The biggest hurdle in launching a startup today is not capital, which is readily available, but the business idea and its potential. If the idea is promising, entrepreneurs can attract ample funding. Yet, this does not suggest every worthy startup idea gets a fair chance to develop, as vetting of business ideas happens in a highly competitive startup landscape.
Deciding which one might stand the test of time is a challenging feat for venture capital and private equity investors. Assessing a startup requires quantitative and qualitative analysis and a bit of precognition.
However, due to limiting frameworks, certain flaws have been inculcated in the system, which must be addressed adequately.
To make a thorough assessment of a startup, investors should also consider the following:
Even if a startup has a disruptive idea, it needs some time and resources to build the required infrastructure to implement its vision. Investors must judge the startup on the novelty of the entrepreneurial vision and the frameworks being used to implement it, even if the numbers are lacking. This can help identify high-potential ventures.
For instance, software as a service (SaaS) startups need high-skilled professionals if they seek to create revolutionary products. Proficient software developers are difficult to come by and lead to significant overheads. Additionally, the team requires various tools and software. Finally, as the company starts scaling, maintaining servers and SaaS platforms also add to costs. Keeping these factors in mind while evaluating a startup will help investors make informed decisions.
Assessing startups is quite challenging, given the limited visibility of information and the venture’s potential impact. Therefore, industry veterans and entrepreneurs must be roped in. They are more proficient at evaluating the frameworks being used and where the startups are lacking. New startups might not have the numbers, and that’s okay.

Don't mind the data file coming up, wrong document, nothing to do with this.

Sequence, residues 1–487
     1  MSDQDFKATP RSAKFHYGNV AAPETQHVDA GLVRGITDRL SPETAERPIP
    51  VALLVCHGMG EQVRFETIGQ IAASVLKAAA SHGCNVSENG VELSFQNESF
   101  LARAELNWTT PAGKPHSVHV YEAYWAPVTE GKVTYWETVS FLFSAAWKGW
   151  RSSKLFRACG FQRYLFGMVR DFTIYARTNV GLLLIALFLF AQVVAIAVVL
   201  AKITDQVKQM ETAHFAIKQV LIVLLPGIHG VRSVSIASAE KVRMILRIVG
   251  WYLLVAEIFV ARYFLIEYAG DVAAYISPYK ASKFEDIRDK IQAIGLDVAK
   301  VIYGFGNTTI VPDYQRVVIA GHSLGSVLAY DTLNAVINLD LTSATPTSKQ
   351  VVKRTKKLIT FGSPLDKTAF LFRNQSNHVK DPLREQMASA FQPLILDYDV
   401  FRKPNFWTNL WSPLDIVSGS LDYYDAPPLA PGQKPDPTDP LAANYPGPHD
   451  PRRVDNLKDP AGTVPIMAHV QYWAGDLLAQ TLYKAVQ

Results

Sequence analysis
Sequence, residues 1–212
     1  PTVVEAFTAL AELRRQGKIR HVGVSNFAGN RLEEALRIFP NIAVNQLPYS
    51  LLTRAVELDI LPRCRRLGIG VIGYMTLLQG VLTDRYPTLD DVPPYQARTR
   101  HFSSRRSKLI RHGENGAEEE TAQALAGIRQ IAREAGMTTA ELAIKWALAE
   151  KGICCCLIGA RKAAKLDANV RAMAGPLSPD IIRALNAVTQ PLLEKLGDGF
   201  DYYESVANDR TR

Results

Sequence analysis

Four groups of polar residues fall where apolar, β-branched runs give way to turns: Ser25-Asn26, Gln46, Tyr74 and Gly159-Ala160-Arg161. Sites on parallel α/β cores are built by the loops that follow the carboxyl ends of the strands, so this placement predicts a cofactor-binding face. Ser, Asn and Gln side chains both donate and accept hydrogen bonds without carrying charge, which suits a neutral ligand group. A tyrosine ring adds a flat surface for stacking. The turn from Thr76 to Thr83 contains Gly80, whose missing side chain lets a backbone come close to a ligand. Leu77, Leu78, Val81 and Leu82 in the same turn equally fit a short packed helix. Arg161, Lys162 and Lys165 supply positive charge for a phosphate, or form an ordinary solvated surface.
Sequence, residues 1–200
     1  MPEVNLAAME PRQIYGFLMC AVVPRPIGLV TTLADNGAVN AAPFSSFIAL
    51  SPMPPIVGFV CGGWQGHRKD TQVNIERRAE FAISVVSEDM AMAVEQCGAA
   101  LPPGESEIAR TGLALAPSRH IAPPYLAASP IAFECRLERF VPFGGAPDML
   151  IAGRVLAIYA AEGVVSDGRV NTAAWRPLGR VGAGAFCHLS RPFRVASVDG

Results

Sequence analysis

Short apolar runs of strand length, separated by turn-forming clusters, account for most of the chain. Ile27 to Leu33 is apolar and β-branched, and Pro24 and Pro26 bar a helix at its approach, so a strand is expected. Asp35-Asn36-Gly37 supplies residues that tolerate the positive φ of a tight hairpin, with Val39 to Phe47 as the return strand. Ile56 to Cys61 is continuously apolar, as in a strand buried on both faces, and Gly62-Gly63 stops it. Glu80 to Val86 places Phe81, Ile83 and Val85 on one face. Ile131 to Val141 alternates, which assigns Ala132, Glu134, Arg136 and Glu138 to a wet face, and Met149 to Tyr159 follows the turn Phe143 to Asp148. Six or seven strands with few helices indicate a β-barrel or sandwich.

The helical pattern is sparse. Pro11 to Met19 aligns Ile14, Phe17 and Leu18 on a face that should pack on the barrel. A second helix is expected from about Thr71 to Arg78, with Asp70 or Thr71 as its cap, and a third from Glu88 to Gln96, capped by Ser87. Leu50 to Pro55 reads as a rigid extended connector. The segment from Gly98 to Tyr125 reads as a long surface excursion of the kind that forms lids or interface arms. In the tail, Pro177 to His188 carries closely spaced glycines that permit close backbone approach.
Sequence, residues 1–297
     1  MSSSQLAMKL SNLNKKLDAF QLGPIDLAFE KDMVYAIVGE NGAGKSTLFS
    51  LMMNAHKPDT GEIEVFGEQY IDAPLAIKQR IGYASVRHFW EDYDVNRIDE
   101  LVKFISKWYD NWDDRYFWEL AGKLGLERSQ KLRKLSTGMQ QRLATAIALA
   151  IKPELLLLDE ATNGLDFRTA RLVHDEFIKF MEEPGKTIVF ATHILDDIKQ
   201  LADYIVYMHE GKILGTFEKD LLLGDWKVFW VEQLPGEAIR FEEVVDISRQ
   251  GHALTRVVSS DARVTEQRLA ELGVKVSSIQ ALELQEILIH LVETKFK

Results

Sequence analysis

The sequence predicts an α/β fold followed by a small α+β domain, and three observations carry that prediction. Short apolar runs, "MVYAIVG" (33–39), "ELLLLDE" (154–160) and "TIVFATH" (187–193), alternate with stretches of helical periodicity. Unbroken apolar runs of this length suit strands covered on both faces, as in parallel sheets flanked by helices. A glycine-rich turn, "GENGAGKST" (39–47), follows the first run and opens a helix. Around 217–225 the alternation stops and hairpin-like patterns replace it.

A startup that was recently hatched, cannot possibly have generated much market traction or revenue. In the initial stages, the most it could have done is created a roadmap of how it will operate.
Considering this, VC and PE investors can promote innovation by infusing capital in deserving startups. That way, startups will not rush into revenue generation and will get enough runway to spend quality time and resources on product innovation.
This will boost their performance, traction, and the chances of investment.
In the current scenario, fancy offices or important contacts often play an important role in bringing investments to startups. This can deny a fair avenue to great business ideas, which don’t have the right network.
To avoid this, VCs can look at transforming the yardstick used to evaluate startups. When they focus on the qualitative metrics of a startup, like the originality of the business idea, the value it envisions, the team’s capabilities, etc, they can make more informed investment decisions, which will give them high returns.
This would also encourage startups all over the country to further refine their ideas and translate them into practical business models. For VC and PE investors, while the road to vetting the right startups is a tough one, the correct approach can ensure better decision making.
Additionally, the government also has a significant role to play in the investment landscape. More initiatives like Startup India can fuel further investments across all sectors. Further, the government can encourage investors by partnering with private VCs for specific sectors and kickstarting fundraising, incubation and co-working facilities for startups.
Opening up the market would also create a much-needed push in investment. Once these measures are put in place, the opportunities for innovative startups will increase rapidly.